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Microeconomic Flexibility in Latin America

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  • Ricardo Caballero G.
  • Eduardo Engel G.
  • Alejandro Micco A.

Abstract

We characterize the degree of microeconomic inflexibility in several Latin American economies and find that Brazil, Chile and Colombia are more flexible than Mexico and Venezuela. The difference in flexibility among these economies is mainly explained by the behavior of large establishments, which adjust more promptly in the more flexible economies, especially when accumulated shocks are substantial. We also study the path of flexibility in Chile and show that it declined in the aftermath of the Asian crisis. This decline can account for a substantial fraction of the sharp fall in TFP-growth in Chile since 1997 (from 3.1 percent per year for the preceding decade, to about 0.3 percent after). Moreover, if it were to persist, it could permanently shave almost half of a percent off Chile’s structural rate of growth.

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Bibliographic Info

Article provided by Central Bank of Chile in its journal Economía Chilena.

Volume (Year): 7 (2004)
Issue (Month): 2 (August)
Pages: 5-26

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Handle: RePEc:chb:bcchec:v:7:y:2004:i:2:p:5-26

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  1. Ricardo J. Caballero & Eduardo M.R.A. Engel & John Haltiwanger, 1995. "Aggregate Employment Dynamics: Building From Microeconomic Evidence," NBER Working Papers 5042, National Bureau of Economic Research, Inc.
  2. Ricardo J. Caballero & Mohamad L. Hammour, 2001. "Creative Destruction and Development : Institutions, Crises and Restructuring," DELTA Working Papers, DELTA (Ecole normale supérieure) 2001-04, DELTA (Ecole normale supérieure).
  3. Carmen Pagés-Serra & James J. Heckman, 2000. "The Cost of Job Security Regulation: Evidence from Latin American Labor Markets," Research Department Publications, Inter-American Development Bank, Research Department 4227, Inter-American Development Bank, Research Department.
  4. Burgess, Simon & Knetter, Michael & Michelacci, Claudio, 2000. "Employment and Output Adjustment in the OECD: A Disaggregate Analysis of the Role of Job Security Provisions," Economica, London School of Economics and Political Science, London School of Economics and Political Science, vol. 67(267), pages 419-35, August.
  5. Juan Botero & Simeon Djankov & Rafael Porta & Florencio C. Lopez-De-Silanes, 2004. "The Regulation of Labor," The Quarterly Journal of Economics, MIT Press, MIT Press, vol. 119(4), pages 1339-1382, November.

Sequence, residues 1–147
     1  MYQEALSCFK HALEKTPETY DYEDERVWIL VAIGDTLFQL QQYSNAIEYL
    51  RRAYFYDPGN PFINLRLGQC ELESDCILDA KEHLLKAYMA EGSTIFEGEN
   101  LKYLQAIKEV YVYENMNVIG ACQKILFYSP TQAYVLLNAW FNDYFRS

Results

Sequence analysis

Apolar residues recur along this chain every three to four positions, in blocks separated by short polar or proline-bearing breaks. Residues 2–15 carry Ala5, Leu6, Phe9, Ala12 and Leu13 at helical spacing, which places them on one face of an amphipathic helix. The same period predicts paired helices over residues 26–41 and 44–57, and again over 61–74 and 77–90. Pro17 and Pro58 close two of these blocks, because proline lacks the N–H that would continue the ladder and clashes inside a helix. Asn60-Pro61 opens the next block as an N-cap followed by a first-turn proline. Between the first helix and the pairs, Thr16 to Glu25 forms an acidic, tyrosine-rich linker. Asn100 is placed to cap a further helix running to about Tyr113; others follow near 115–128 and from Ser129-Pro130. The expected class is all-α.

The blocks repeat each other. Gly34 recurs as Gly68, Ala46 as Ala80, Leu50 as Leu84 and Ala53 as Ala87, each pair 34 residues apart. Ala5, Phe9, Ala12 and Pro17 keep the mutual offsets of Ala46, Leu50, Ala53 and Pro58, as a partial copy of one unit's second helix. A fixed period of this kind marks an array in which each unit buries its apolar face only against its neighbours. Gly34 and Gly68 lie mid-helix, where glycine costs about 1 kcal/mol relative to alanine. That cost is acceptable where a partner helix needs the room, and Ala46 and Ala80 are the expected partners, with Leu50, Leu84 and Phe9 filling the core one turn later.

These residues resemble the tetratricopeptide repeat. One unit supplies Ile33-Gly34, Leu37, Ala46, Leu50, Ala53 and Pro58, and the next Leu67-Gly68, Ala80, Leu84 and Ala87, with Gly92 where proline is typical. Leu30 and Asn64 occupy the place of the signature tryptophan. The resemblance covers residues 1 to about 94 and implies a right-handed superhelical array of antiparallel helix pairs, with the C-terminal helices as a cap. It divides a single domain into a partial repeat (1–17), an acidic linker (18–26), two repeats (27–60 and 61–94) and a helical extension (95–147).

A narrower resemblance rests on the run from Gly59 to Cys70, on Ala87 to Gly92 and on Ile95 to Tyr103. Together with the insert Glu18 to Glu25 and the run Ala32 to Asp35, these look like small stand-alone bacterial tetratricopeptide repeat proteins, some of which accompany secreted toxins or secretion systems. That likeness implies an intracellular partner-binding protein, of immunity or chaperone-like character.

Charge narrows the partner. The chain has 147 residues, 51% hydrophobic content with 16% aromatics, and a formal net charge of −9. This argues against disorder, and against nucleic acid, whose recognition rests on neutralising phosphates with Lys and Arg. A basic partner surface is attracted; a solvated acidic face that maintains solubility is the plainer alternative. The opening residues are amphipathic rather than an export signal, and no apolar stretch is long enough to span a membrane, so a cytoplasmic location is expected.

6. Ricardo Caballero & Eduardo Engel & Alejandro Micco, 2005. "Microeconomic Flexibility in Latin America," Central Banking, Analysis, and Economic Policies Book Series, Central Bank of Chile, in: Jorge Restrepo & Andrea Tokman R. & Norman Loayza (Series Editor) & Klaus Schmidt-Hebbel (Series Edi (ed.), Labor Markets and Institutions, edition 1, volume 8, chapter 10, pages 329-366 Central Bank of Chile.
  7. Matthew D. Shapiro, 1986. "The Dynamic Demand for Capital and Labor," NBER Working Papers 1899, National Bureau of Economic Research, Inc.
  8. Ricardo J. Caballero & Eduardo M.R.A. Engel, 1992. "Microeconomic Adjustment Hazards and Aggregate Dynamics," NBER Working Papers 4090, National Bureau of Economic Research, Inc.
  9. Carmen Pagés-Serra, 2000. "The Cost of Job Security Regulation: Evidence from Latin American Labor Markets," JOURNAL OF LACEA ECONOMIA, LACEA - LATIN AMERICAN AND CARIBBEAN ECONOMIC ASSOCIATION.
  10. Stephen Nickell & Luca Nunziata, 2000. "Employment patterns in OECD countries," LSE Research Online Documents on Economics, London School of Economics and Political Science, LSE Library 20198, London School of Economics and Political Science, LSE Library.
  11. Steven J. Davis & John C. Haltiwanger & Scott Schuh, 1998. "Job Creation and Destruction," MIT Press Books, The MIT Press, The MIT Press, edition 1, volume 1, number 0262540932, December.
  12. Thomas J. Sargent, 1978. "Estimation of dynamic labor demand schedules under rational expectations," Staff Report, Federal Reserve Bank of Minneapolis 27, Federal Reserve Bank of Minneapolis.
  13. Arellano, Manuel & Bond, Stephen, 1991. "Some Tests of Specification for Panel Data: Monte Carlo Evidence and an Application to Employment Equations," Review of Economic Studies, Wiley Blackwell, Wiley Blackwell, vol. 58(2), pages 277-97, April.
  14. Calvo, Guillermo A., 1983. "Staggered prices in a utility-maximizing framework," Journal of Monetary Economics, Elsevier, Elsevier, vol. 12(3), pages 383-398, September.
  15. Katharine G. Abraham & Susan N. Houseman, 1994. "Does Employment Protection Inhibit Labor Market Flexibility? Lessons from Germany, France, and Belgium," Book chapters authored by Upjohn Institute researchers, W.E. Upjohn Institute for Employment Research, in: Rebecca M. Blank (ed.), Social Protection Versus Economic Flexibility: Is There a Trade-off?, pages 59-93 W.E. Upjohn Institute for Employment Research.
  16. Burgess, Simon M & Knetter, Michael M, 1998. "An International Comparison of Employment Adjustment to Exchange Rate Fluctuations," Review of International Economics, Wiley Blackwell, vol. 6(1), pages 151-63, February.
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